In our office, we perform most extraction procedures from comfortably taking out baby teeth to surgically removing dead roots and impacted wisdom teeth. The procedure consists of numbing the site using a gel anesthetic first then local anesthetic and / or using a combination of relaxing gas, relaxing medications & local anesthetic.
Depending on your individual comfort needs you may choose to have light sedation or be ‘completely out’.
Once you are comfortable and the site is numb, leverage is applied to the tooth in a controlled manner. Depending on whether it’s a baby tooth or adult tooth or a broken root, the tooth may be sectioned into smaller pieces, and the site may be left open or closed (sutured). Extractions may be classified as simple or complex.
For impacted wisdom teeth the surgery is similar with the addition of making a window in the gum tissue and bone over the tooth, possible sectioning into smaller pieces before leverage is applied to the tooth in a controlled manner, the tooth is removed and the window is closed.
A special note on wisdom teeth extractions
When people reach their early teens or twenties, in some cases their jaws may not be large enough to allow the eruption of the teeth or other teeth may be in the way or so the teeth may become “stuck” or impacted. They come in crooked, they get decayed easily due to difficult access for cleaning and brushing, and sometimes they come in at such an angle that they push the adjacent teeth and / or they can develop a periodontal pocket and localized gum disease (pericoronitis) easily.
They can often become food traps and jeopardize the 2nd molar in front of the wisdom tooth. The accumulation of food and bacteria between these areas can lead to decay not only in the impacted wisdom teeth but also the teeth in front of them.
Pericoronitis is an infection of the soft tissue around the crown of a partially impacted tooth, usually lower wisdom teeth. Pericoronitis can arise when food gets trapped in the soft tissue around the wisdom tooth and the equilibrium between your body’s host defenses and the bacteria in your mouth are out of balance. This can cause swelling and pain, which can lead to further trauma and further swelling. Food trapped underneath the tissue can also lead to a severe infection.
There are more serious implications but the idea is to be informed and not alarmed. More serious implications occur when the sac that surrounds the impacted tooth fills with fluid and enlarges to form a cyst causing an enlargement that hollows out the jaw and results in permanent damage to the adjacent teeth, jawbone and nerves. Left untreated, but less common, a tumour may develop from the walls of these cysts and more complicated surgical procedure is required for the removal. Not all wisdom teeth cause problems. Sometimes Wisdom Teeth, or third molars, do not always erupt properly when they decide to make an appearance. It’s wise to get an early opinion from your dentist on getting wisdom teeth pulled before they become impacted, causing pain, swelling, infection, caries, and localized gum disease.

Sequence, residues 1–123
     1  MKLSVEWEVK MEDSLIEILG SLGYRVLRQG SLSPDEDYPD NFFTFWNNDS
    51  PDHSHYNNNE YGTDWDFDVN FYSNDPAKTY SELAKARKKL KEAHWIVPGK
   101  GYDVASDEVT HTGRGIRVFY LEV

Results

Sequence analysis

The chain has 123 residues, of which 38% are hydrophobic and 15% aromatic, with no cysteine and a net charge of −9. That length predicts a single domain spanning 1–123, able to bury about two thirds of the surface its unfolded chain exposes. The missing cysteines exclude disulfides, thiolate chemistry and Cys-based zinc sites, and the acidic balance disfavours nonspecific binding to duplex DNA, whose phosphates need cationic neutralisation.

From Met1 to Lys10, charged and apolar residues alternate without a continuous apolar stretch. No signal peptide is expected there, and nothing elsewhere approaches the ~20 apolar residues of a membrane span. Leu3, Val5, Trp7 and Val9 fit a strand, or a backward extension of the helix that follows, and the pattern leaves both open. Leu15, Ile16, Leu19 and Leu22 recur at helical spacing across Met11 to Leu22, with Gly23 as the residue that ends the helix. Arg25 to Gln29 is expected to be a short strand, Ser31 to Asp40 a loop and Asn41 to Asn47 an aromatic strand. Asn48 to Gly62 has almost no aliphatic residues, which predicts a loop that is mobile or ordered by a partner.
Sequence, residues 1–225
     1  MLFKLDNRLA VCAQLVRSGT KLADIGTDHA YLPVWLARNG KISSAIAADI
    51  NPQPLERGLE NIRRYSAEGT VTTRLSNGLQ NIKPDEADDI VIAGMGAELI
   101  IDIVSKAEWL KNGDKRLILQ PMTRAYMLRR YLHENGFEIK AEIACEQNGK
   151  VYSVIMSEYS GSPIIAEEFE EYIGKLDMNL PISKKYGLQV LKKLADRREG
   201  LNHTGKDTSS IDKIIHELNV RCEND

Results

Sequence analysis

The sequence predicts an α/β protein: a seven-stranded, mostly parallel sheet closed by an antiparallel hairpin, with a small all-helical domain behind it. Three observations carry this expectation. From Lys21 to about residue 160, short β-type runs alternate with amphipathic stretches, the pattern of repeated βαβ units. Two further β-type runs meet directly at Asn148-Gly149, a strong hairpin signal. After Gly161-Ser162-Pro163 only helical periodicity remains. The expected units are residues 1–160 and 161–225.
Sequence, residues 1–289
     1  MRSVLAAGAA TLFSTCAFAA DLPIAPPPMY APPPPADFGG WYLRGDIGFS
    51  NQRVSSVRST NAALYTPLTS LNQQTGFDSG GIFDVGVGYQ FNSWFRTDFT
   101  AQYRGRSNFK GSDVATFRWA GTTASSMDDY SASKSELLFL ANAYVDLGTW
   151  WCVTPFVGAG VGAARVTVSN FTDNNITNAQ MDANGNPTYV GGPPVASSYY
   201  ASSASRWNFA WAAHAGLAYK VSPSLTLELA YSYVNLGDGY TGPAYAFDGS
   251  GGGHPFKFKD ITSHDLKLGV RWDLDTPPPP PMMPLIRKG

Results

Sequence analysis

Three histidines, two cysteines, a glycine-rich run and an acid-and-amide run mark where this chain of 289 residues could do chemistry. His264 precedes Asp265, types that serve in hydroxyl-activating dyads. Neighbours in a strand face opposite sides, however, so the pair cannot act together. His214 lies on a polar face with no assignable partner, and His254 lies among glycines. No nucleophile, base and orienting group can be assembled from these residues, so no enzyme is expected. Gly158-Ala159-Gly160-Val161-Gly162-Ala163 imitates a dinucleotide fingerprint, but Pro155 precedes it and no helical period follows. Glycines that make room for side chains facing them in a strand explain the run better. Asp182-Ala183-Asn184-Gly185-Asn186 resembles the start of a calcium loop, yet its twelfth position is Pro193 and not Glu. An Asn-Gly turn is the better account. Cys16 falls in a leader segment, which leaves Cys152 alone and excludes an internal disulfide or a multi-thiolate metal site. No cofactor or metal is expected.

So what happens after extraction?
You will be given what are called “post-operative” instructions on how to manage the area after the extraction and also a prescription for an effective pain reliever and an antibiotic if an infection is involved.
There are many ways to deal with areas where teeth have been extracted. you may chose to replace them with bridges dentures or implants.
After the extraction, do not eat or drink anything hot or hard; although it is important to eat and drink to keep up your nutrition and hydration, stick to food and beverage items that are served cold. For most normal individuals ice cream, cold milk, juices, cold soup, plenty of water, fruit “smoothies” or blended vegetables are a great idea. Do not spit or rinse forcefully or suck through a straw for at least 24 hours after an extraction because the suction can dislodge the clot that begins the healing process.
Refrain from smoking, within the first 48-72 hours after a tooth has been extracted because smoking and alcohol can impede the healing process and cause a greater chance of developing Refrain from smoking, within the first 48-72 hours after a tooth has been extracted because smoking and alcohol can impede the healing process and cause a greater chance of developing a painful condition known as “dry socket”. Normally, a blood clot forms and healing takes place without a problem. If the blood clot is completely or partially lost, the bone is exposed, causing moderate to severe pain. For several days after the extraction, it is important to keep the area as clean as possible to prevent infection and promote healing. Do not brush on that particular site for 48 hours (but brushing other teeth in on that side is encouraged). After 24 hours, gentle salt – water or mouthwash rinses can be done after every meal and snack
If your dentist prescribed antibiotics due to the presence of an existing infection, you should carefully follow the instructions and finish the antibiotics — even if you start to feel better before the prescribed antibiotics are completely gone. Take the pain medication as required and use them responsibly as advised by your dentist and pharmacist. If you react severely to any medication you must seek emergency care. If you have problems with pain, bleeding, swelling, that is persistent and not getting better, you should contact your dentist. More helpful hints: Apply an ice pack against your face for 15 minutes and then remove it for 15 minutes. Repeat this protocol for several hours to reduce facial swelling. If some slight bleeding occurs, bite down on a gauze-covered wet tea bag.